Electric Bills For Townhouse vs. Apartment

This is a blog post I’ll update as time goes on… But I’ve been wondering how much our utility costs would go up once we moved into a house. Here are the baseline numbers for electrical usage in our old coop. It was 2 bedroom, 2 bathroom, and about 1,350 sq. ft. in a 1939 pre-war (poorly-insulated) building with leaky window A/C units and a Sub Zero fridge:

Summer Average (’07-’09): 29.0 kWh/day
Winter Average (’07-’09): 18.3 kWh/day

Summer I defined as the June 20ish reading through the August 20ish reading. Winter I defined as the September 20ish reading through the May 20ish reading. Actually, winter is a bad term – “non-summer” would be better. So what you see above is theĀ  average of three summers (6 total months), and 2 winters (16 total months)

I should also mention that we work from home – so everything you see includes air conditioning during the day – but typically just for the rooms we were occupying, though Dan has a bad habit in the house of opening doors into unairconditioned spaces and cooling more of the house than is necessary. We also have at least one computer on 24 hours a day – since it acts as a server.

From 5/21 to 6/12 we used an average of 36.3 kWh/day (98% over winter average)
From 6/12 to 7/31 we used an average of 37.2 kWh/day (28% over summer average)
From 7/31 to 8/20 we used an average of 54.1 kWh/day (87% over summer average)
From 8/20 to 9/20 we used an average of 41.0 kWh/day
From 9/20 to 10/23 we used an average of 31.4 kWh/day (72% over winter average)

Now, mind you, the house is a lot bigger has more things going on. Instead of 1,350 sq. ft., it’s about 3,200 sq. ft. There’s 180 watts of light bulbs that are on from dusk to dawn (roughly 2 kWh/day). There’s a dehumidifier running the cellar 24/7 – it’s Energy Star certified, but it still uses a fair amount of power. The server we have running is more power hungry. There’s also a booster pump for water pressure, etc. All in all there’s just more electrical demand than there was in the apartment.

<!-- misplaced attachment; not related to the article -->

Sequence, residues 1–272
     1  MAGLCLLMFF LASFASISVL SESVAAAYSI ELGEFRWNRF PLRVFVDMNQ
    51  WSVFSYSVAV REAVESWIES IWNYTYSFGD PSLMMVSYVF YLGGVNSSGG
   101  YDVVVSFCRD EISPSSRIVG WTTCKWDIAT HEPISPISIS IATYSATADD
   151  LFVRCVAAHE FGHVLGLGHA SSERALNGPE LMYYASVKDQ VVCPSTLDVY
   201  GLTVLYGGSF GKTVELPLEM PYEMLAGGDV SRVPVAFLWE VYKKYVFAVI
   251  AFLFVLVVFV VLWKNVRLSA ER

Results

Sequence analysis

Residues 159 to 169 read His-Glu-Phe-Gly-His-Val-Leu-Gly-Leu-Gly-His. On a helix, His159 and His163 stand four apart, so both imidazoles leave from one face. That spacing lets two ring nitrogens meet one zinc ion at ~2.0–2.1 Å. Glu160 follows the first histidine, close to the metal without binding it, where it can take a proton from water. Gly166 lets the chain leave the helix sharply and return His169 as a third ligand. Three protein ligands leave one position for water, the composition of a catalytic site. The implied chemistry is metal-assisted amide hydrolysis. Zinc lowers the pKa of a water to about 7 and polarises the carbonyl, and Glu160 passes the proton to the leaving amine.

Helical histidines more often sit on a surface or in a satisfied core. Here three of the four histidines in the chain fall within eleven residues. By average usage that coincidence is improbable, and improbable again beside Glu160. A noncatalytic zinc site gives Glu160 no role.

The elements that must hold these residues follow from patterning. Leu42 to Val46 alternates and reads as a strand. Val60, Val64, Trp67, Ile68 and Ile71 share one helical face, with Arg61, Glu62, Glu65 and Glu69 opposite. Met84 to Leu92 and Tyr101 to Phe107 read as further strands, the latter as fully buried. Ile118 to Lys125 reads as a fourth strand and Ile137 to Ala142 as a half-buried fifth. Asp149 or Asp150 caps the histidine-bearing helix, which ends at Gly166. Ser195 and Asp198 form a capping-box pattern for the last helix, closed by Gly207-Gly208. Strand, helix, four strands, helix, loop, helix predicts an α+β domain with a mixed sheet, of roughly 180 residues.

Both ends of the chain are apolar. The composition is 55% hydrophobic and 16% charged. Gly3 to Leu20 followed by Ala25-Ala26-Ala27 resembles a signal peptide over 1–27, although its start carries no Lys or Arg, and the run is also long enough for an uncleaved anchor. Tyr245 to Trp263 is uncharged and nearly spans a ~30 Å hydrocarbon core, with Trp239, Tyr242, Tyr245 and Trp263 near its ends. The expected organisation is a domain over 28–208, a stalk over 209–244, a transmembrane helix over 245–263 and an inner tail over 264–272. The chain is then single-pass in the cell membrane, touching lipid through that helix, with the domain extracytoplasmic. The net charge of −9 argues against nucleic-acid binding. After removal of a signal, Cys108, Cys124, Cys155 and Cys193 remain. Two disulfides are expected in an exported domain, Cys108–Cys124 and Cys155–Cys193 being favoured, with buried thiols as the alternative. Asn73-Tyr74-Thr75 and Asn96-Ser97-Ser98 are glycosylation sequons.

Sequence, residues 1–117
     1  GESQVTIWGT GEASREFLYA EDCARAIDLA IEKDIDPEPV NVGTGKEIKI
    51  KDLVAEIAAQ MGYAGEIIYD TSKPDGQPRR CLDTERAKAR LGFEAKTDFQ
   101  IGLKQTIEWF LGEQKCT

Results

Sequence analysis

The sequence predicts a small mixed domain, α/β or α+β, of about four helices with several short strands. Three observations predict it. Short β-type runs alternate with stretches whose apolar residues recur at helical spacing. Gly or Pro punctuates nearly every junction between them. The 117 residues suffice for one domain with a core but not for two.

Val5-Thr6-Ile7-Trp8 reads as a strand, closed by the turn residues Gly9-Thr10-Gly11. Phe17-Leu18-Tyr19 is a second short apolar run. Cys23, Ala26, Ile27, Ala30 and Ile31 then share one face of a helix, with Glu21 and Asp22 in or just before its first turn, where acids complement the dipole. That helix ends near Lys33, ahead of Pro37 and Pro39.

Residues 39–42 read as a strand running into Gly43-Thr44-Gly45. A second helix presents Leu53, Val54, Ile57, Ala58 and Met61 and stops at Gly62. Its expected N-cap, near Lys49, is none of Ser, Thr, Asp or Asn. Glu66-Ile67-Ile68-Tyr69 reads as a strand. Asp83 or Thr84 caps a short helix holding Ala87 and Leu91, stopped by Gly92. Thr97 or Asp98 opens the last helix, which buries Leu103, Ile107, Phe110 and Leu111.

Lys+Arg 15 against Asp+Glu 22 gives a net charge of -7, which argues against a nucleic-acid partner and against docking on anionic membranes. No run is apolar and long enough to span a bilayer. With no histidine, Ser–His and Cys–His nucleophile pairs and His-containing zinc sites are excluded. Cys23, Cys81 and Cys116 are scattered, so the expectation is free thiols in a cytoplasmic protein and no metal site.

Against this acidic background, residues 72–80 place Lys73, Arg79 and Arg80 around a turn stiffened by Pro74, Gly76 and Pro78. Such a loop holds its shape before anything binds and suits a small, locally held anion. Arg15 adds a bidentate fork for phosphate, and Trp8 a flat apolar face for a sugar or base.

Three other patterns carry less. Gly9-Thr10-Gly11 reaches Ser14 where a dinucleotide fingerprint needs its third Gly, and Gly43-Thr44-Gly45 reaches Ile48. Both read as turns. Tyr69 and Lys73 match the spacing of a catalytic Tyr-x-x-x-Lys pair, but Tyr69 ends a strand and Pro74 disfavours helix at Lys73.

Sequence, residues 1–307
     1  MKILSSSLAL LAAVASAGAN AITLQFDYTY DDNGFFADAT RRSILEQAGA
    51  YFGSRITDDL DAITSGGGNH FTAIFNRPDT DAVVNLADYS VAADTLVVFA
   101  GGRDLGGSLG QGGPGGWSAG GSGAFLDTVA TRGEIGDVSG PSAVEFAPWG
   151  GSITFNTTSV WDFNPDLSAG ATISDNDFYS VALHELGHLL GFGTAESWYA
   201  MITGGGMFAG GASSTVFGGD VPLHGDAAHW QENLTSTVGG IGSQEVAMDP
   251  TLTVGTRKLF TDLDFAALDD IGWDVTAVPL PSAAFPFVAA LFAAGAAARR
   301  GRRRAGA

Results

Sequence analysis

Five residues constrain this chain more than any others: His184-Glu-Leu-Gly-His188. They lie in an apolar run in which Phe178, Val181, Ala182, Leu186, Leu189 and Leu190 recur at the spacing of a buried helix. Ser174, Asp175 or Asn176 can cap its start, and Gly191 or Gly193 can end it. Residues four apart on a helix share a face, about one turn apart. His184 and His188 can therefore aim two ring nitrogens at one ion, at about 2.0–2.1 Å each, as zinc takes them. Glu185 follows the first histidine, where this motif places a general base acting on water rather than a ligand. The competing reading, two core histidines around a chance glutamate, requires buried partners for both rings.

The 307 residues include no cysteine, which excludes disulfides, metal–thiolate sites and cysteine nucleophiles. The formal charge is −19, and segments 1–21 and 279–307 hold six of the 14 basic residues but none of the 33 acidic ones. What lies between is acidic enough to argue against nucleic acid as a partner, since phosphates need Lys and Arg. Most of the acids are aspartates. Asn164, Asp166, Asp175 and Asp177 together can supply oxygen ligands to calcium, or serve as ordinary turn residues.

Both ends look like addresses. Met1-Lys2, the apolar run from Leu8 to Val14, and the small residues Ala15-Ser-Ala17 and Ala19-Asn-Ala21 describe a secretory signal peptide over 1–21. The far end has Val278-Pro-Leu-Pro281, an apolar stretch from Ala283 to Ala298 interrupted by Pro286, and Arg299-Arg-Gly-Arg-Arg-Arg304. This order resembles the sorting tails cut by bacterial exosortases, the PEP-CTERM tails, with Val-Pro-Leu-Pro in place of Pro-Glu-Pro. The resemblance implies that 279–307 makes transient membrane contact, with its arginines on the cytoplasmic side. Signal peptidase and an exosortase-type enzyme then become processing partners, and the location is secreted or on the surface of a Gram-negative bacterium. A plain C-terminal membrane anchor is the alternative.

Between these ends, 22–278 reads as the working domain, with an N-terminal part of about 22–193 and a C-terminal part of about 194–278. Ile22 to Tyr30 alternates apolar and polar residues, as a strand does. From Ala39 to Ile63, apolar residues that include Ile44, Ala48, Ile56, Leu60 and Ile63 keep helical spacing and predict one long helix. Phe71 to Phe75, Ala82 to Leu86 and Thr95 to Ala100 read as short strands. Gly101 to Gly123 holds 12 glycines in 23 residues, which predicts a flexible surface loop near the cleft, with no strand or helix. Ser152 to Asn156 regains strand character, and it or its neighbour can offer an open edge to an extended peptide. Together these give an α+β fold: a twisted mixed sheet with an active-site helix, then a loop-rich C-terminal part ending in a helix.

The average from 6/12 to 8/20 was 42.1 kWh/day. Since the period started a little earlier than it should have and there were some days we wished we had A/C before July 3 (when it actually got up and running), let’s call the summer average 45 kWh/day – that would be “just” 55% more than at the coop. I’m pretty happy with that, all things considered.

The average up to 6/12 and after 9/20 is 33.4 kWh/day. So once again we see power going up roughly 11 kWh/day for A/C during the summer. That’s great since we’re cooling more space than we did at the apartment with about the same amount of energy. In fact for about 6 weeks during that time Dan had the A/C on 24/7 up in the studio because he was making stuff out of fiberglass and needed to control the temperature. But our building is more efficient and the A/Cs are more efficient.

But the “winter” (non-summer) power is considerably higher. So far, the townhouse seems to consistently use 15 kWh/day more than our old apartment – that’s 80% more power. Electricity seems to be costing about 25 cents per kWh, so that’s less then $4/day, or about $115/month additional. But when you look at the list of stuff (above) that we didn’t have in the old apartment, it sorta makes sense that it costs more to run a townhouse that’s over twice the size of the apartment.